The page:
Consumer rights

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A staff member at a nonprofit law firm is warning Ohio consumers to be savvy when it comes to sales pitches that sound too good to be true.

In recognition of the recent National Consumer Protection Week, Rachel Nader, Advocacy Director for Community Legal Aid, recently shared some advice for residents, warning them to monitor their bank account activity and any fluctuations in their credit reports.

“Often a person doesn’t know they are a victim of identity theft or fraud until they have trouble opening a credit account,” Nader said in a recent statement. Press. “By then, significant damage has already been done.”

Community Legal Aid is a 501(c)3 nonprofit law firm that serves the legal needs of low-income people living in eight counties in central and northeastern Ohio, including Columbiana, Mahoning, and Trumbull .

Reviewing credit reports, Nader said, also helps consumers catch inaccurate information that may have landed on their file. Nader pointed out that it’s a consumer’s legal right to dispute items on credit reports. She noted that Ohioans can access these reports for free by visiting the website

Legal Aid staff also note that there has been an increase in fraudulent activity and scams. Most alarming is the growing number of “identity theft scams,” the press release says, where a caller says they are from a government agency, such as the IRS, Social Security or the Department of Work and Family of Ohio. Scammers may have concocted a fake website or phone number to legitimize their claims.

“Fraudsters prey on victims’ worst fears, threatening them with the worst possible scenario, such as jail, if they don’t comply with their demands,” Nader said.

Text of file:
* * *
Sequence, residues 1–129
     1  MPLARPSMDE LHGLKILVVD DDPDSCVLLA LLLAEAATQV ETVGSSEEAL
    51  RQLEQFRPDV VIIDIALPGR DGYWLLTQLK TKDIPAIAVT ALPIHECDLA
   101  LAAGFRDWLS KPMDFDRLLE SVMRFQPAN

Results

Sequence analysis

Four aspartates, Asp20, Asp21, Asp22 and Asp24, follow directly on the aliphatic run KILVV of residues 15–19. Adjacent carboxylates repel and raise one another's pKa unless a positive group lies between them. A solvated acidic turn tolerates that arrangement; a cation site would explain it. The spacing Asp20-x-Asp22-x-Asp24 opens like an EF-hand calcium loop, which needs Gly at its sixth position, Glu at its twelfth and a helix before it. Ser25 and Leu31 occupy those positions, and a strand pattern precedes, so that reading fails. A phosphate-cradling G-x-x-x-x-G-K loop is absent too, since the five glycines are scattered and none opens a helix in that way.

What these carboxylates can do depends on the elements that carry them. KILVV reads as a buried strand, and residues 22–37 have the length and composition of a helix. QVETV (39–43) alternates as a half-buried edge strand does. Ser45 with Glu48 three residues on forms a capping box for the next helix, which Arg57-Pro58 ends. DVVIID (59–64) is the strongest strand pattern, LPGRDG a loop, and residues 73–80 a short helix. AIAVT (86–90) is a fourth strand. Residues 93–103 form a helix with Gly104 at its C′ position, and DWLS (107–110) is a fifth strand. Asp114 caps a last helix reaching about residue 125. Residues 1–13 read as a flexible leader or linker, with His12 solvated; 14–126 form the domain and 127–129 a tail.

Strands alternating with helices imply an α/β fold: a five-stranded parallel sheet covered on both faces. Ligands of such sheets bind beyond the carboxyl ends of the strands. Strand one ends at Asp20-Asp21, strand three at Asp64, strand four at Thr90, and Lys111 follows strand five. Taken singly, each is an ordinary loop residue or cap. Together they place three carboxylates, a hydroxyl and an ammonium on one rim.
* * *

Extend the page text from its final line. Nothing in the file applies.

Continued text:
In reality, she said, government agencies use regular mail and do not call, text or email to make these types of threats.

Therefore, she said consumers should not provide personal or account information. Instead, they are advised to hang up and, if in doubt, call the official agency number to verify the call.

In addition to “identity theft scams,” consumers can fall victim to “rescue scams” ​​that promise to help someone in trouble but offer no real service or value. This is especially common for people facing foreclosure, owing back taxes, or struggling with credit card debt.

“Ohioans should talk to an attorney before paying for services that promise to help them avoid foreclosure or get rid of debt,” Nader said, noting that Legal Aid attorneys offer this type of service.

Finally, Nader said consumers should know and enforce their legal debt rights. The nonprofit has seen an increase in credit card lawsuits in recent months, noting that creditors are stepping up collection efforts as the pandemic begins to wane, she said.

“If someone is being sued for consumer debt, it’s important to actively participate in the legal process,” Nader said, noting that there can be effective legal defenses and it’s unwise to ignore a lawsuit. in justice.


• Ohioans struggling with debt can find information about legal solutions, such as bankruptcy, by visiting the organization’s website at Further help may be available through their Financial Wellness Workshop, which gives qualified applicants the opportunity to speak to a lawyer for advice on their situation. To request assistance, call the helpline at 800-998-9454 or apply online at

• Victims of impersonation or scams should contact the Ohio Attorney General’s Office by calling toll-free 800-282-0515 or visiting them on the web at /.

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